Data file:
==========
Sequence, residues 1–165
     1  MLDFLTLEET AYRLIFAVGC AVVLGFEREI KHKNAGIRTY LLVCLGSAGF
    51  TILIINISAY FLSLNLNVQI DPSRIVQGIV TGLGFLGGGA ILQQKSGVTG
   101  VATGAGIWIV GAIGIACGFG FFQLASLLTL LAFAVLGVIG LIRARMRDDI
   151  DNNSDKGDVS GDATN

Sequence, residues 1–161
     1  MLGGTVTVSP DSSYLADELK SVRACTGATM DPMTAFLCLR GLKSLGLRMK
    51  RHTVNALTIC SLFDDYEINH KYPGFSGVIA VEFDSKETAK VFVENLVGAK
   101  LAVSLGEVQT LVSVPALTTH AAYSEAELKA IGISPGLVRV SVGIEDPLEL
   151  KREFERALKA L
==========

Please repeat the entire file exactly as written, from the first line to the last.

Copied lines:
Sequence, residues 1–165
     1  MLDFLTLEET AYRLIFAVGC AVVLGFEREI KHKNAGIRTY LLVCLGSAGF
    51  TILIINISAY FLSLNLNVQI DPSRIVQGIV TGLGFLGGGA ILQQKSGVTG
   101  VATGAGIWIV GAIGIACGFG FFQLASLLTL LAFAVLGVIG LIRARMRDDI
   151  DNNSDKGDVS GDATN

Sequence, residues 1–161
     1  MLGGTVTVSP DSSYLADELK SVRACTGATM DPMTAFLCLR GLKSLGLRMK
    51  RHTVNALTIC SLFDDYEINH KYPGFSGVIA VEFDSKETAK VFVENLVGAK
   101  LAVSLGEVQT LVSVPALTTH AAYSEAELKA IGISPGLVRV SVGIEDPLEL
   151  KREFERALKA L